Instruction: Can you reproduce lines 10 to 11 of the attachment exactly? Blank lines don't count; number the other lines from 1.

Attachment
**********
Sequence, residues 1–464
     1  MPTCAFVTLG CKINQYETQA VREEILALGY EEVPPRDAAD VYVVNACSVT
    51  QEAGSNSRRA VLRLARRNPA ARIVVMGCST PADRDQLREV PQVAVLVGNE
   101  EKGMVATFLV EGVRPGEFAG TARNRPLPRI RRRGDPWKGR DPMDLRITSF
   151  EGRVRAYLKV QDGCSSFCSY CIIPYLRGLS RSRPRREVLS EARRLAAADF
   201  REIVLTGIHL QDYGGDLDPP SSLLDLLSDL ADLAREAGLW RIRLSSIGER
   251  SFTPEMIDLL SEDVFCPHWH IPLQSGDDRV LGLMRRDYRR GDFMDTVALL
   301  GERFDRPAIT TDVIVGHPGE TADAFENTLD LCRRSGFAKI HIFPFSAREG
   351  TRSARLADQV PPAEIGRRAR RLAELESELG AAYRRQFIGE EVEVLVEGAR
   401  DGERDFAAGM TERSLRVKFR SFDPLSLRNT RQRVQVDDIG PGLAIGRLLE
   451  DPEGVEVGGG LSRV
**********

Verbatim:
   401  DGERDFAAGM TERSLRVKFR SFDPLSLRNT RQRVQVDDIG PGLAIGRLLE
   451  DPEGVEVGGG LSRV